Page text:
A solar-powered aeroplane designed to fly day and night without fuel or emissions made its first test flight above the Swiss countryside on Wednesday, making the around-the-world dream of two Swiss adventurers possible.
The Solar Impulse, which has 12,000 solar cells built into its wings, is a prototype for an aircraft intended to fly around the world without fuel from 2012 to promote renewable energy. It glided for 90 minutes above western Switzerland at an altitude of 1,000 metres, with German test pilot Markus Scherdel at the controls.
Piccard, a Swiss psychiatrist turned aviator, is best known for completing the first non-stop, round-the-world flight in a hot-air balloon in March 1999. It took six years to built the carbon fibre aircraft, which has the wingspan of an Airbus A340 (63.4 metres) and weighs as much as a mid-size car (1,600 kilos).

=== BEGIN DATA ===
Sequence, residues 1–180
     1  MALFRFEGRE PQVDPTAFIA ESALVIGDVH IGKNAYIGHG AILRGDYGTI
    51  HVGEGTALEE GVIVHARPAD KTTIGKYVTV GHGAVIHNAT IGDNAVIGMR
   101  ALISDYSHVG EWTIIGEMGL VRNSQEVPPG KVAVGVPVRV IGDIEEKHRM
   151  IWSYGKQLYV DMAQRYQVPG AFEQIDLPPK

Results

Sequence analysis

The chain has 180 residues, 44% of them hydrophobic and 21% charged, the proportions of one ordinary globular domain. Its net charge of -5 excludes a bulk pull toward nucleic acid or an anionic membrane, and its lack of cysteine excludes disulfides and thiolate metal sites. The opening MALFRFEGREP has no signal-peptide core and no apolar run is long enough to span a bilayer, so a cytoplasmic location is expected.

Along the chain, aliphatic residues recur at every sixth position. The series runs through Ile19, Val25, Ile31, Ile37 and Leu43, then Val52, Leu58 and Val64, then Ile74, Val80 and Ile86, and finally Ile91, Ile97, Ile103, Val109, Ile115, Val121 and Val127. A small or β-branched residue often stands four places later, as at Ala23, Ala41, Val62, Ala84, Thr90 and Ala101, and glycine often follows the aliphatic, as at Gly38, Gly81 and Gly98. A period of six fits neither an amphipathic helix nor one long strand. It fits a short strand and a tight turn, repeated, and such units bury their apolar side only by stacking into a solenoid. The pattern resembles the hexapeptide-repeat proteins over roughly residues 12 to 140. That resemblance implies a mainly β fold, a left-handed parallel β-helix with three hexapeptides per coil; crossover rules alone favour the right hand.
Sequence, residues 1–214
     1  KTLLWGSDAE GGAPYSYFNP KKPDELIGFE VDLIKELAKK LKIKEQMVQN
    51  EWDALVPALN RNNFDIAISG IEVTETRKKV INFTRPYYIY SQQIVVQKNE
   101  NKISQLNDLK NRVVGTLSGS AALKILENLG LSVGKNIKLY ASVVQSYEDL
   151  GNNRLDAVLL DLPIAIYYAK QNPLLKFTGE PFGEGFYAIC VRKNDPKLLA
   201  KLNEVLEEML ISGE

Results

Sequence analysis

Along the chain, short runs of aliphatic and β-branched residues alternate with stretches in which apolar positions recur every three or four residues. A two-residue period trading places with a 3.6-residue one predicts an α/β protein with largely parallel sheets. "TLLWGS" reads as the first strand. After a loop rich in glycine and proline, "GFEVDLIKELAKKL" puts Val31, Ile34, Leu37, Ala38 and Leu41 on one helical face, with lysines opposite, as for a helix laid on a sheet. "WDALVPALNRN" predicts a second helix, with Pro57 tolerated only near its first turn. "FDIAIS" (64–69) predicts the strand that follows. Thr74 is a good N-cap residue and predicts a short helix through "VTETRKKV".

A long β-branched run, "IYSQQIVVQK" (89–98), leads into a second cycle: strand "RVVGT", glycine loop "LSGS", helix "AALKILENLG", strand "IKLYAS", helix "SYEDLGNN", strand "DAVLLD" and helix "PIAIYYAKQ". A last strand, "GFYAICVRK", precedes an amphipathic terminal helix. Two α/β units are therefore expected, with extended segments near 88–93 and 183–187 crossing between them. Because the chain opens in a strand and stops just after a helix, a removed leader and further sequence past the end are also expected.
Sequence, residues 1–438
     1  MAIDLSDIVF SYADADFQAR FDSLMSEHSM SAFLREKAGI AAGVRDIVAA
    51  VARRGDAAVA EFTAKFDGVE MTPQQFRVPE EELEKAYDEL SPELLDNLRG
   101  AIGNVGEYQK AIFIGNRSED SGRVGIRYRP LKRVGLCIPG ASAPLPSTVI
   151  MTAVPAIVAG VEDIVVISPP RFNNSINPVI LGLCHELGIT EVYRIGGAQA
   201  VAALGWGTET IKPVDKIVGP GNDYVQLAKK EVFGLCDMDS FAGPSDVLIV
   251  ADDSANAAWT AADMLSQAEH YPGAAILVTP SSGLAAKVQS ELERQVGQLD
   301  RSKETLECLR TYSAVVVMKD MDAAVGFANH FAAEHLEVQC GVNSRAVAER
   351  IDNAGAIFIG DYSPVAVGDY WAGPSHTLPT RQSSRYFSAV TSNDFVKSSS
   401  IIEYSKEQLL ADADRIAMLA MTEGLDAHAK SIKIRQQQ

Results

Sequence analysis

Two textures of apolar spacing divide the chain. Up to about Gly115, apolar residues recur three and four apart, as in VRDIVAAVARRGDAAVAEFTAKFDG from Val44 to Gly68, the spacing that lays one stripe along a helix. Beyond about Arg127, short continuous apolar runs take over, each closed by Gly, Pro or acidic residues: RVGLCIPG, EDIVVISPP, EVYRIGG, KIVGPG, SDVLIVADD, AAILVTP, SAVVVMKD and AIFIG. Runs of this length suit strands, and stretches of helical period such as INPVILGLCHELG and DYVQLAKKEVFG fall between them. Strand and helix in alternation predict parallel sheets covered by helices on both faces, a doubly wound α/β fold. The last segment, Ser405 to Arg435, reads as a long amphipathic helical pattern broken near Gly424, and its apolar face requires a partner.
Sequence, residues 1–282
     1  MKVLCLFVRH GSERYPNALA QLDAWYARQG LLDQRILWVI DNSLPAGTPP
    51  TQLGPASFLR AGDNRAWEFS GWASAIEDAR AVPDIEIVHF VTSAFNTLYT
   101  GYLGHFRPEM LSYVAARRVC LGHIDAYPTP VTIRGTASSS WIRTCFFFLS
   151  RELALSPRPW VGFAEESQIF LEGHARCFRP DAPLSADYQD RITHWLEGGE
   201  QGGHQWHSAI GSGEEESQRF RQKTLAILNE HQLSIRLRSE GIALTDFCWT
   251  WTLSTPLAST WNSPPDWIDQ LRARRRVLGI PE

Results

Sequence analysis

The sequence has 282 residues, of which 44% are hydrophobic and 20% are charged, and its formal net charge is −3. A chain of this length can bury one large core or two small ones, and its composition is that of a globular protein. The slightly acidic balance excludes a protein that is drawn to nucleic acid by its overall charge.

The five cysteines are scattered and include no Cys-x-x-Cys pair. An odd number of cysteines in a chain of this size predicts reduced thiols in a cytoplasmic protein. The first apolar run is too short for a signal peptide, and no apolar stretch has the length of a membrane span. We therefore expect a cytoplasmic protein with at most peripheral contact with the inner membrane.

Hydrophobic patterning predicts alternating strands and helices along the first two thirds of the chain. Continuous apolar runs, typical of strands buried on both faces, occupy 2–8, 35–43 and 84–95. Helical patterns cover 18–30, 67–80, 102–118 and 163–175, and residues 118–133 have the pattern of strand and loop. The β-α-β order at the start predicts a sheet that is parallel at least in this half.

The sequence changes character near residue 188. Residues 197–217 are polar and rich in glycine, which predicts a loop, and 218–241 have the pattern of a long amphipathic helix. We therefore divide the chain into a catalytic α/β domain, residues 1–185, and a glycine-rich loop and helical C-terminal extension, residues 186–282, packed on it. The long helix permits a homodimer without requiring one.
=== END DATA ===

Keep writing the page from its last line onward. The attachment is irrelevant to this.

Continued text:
The other main pilot, Swiss engineer Andre Borschberg, has described it as "ten times lighter than the very best glider". "We will continue the test flights, the important thing is to know the exact performance of this aeroplane to be able to improve the design of the second one. It will be the second aeroplane that will fly around the world", Borschberg said after the flight.
Photovoltaic or solar cells supply four electric motors with a maximum output of 10 horsepower each. The plane is ultimately expected to attain an average flying speed of 70 kilometres per hour and reach a maximum altitude of 8,500 metres (27,900 feet). Swiss astronaut and pilot Claude Nicollier, who has flown on NASA missions, is head of test flights. The project's budget is 100 million Swiss francs, 80 million of which has been secured from sponsors, according to spokeswoman Rachel de Bros.